Is this the beginning of the end for hand coding?

The next generation of web tools aren’t just aspiring to replace Photoshop and Fireworks. They appear to be keen to replace the need for hand coding HTML and CSS too.

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Our industry is littered with the graves of out of date skill sets and obsolete technologies. Apple refuses to support Flash on the iPhone and it goes from being a common platform to a niche technology. Anybody remember Cold Fusion, or working in Tables for that matter?

Technologies come and go. Those who see the change coming and adapt survive, while those who stubbornly hold on end up becoming an irrelevance. It is both the joy and terror of our sector.

Last week I watched the demo of Macaw, a new graphics tool for creating websites. It is one of a new generation of graphics packages built using HTML and CSS to as closely mirror designing in the browser as possible.


Although it is early days, the demo of Macaw makes me wonder whether hand coding HTML and CSS might not become a thing of the past.

What caught my eye was the fact that Macaw doesn’t stop at being a Photoshop or Fireworks replacement, it also wants to write your HTML and CSS too. Like the WYSIWYG editors of old, it aims to replace the need for front-end coding skills.

Upon seeing this my immediate response was to dismiss this feature as being ‘fine for small sites’ or ‘great for prototyping,’ but that it could never be good enough to use on a ‘serious production site’.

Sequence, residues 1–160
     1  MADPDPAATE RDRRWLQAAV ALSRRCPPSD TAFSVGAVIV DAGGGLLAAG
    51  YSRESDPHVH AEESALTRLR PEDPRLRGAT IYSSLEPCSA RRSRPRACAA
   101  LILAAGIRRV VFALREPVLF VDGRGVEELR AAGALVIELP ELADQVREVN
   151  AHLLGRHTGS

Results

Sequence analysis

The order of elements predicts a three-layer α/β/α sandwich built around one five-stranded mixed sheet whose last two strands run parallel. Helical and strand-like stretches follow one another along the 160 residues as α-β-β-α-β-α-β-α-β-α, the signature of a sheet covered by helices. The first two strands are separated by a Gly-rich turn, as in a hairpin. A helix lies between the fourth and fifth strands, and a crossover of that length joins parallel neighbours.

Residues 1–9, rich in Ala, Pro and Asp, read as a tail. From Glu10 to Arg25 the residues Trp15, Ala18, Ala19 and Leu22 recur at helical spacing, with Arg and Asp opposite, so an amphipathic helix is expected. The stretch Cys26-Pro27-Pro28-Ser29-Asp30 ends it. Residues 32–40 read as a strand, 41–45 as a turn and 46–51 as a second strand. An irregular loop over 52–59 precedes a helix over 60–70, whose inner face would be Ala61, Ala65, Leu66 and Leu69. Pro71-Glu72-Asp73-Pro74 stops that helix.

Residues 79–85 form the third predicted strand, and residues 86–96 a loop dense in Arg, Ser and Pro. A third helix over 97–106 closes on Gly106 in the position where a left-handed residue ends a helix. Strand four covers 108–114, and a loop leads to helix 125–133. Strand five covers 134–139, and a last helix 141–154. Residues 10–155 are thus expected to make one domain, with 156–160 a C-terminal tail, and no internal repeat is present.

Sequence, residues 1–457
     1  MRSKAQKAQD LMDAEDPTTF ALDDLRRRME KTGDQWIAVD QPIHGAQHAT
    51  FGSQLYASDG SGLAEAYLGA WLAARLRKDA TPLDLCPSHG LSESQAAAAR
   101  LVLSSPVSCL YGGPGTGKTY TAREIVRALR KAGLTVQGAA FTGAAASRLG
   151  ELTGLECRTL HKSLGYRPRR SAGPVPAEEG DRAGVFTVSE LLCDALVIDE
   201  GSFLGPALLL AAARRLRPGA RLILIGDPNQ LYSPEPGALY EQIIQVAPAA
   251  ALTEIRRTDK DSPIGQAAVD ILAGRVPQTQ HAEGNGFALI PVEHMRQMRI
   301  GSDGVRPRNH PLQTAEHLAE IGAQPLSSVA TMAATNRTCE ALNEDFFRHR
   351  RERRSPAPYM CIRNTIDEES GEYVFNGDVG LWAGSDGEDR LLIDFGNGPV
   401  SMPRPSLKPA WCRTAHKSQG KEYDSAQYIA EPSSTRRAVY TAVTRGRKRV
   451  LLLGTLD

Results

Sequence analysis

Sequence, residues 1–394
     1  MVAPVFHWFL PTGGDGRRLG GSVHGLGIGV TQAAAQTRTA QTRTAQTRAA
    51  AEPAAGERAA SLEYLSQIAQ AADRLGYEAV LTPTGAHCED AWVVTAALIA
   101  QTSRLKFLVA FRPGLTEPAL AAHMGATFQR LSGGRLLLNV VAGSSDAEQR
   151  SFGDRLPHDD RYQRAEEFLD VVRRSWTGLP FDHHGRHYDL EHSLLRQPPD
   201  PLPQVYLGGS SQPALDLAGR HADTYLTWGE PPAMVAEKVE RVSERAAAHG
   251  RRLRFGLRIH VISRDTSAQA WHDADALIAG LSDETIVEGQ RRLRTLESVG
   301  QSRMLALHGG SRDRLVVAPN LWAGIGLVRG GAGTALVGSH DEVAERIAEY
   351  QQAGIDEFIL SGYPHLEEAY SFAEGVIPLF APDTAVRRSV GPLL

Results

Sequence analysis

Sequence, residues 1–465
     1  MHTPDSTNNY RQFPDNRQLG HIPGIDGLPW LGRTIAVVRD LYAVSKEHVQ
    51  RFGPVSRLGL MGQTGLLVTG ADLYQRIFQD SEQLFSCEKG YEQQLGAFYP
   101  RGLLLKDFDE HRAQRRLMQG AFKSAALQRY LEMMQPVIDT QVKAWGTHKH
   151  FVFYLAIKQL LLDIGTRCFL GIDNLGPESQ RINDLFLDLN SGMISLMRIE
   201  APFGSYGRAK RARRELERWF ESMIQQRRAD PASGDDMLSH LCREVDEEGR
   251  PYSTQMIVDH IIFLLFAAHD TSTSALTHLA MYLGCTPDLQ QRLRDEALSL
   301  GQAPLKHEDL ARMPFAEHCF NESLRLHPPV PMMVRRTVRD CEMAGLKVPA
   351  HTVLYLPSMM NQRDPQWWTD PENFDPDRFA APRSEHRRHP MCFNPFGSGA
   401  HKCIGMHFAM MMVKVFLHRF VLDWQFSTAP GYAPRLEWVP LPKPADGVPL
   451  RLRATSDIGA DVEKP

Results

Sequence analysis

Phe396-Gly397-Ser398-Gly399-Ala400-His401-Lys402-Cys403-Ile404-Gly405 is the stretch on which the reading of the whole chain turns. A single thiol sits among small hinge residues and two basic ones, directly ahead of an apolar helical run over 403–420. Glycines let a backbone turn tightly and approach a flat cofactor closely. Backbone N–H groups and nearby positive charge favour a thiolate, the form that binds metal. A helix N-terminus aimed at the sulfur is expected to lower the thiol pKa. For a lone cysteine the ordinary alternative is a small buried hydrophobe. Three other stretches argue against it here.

However, as the demo went on I was impressed at just how good the code was and how much control it provided on how the code was written. This was not the spaghetti code of Dreamweaver. This was semantic HTML and remarkably clean CSS.

Sure it wasn’t going to be as good as code written by a specialist. However, it left me wondering whether it was good enough.

  • Good enough to use on a production site.
  • Good enough to seriously undermine the need for dedicated front-end coders.
  • Good enough to question the additional time and money it would cost to hand code something.

Of course it is early days. I haven’t actually played with the app (things will always look good in a demo video), but it did start me wondering if this might be the beginning of the end for front-end coders.

My son is eleven years old and I am currently teaching him HTML and CSS. I can’t help wondering whether I am teaching him a skill that will be redundant by the time he enters the job market. We are not there yet, but Macaw might just give us a glimpse of things to come.

What do you think?

  • Jesse

    Hey Paul, I have had the same exact thought as well. I am currently teaching my wife to code HTML and CSS and she ask’s questions that of which any person new to development would ask, “isn’t there something out there that does this for you by now?” I have played around with Macaw a bit and other like it and they are impressive for sure (so much better that DW ever was). I have just recently updated my workflow to include Sass, Cofeescript, and Gulp.js and I have realized this. As this new tools for modern web development roll out, I think they will inevitably leave WYSIWYG tools like these in the dust, at least for more demanding development.

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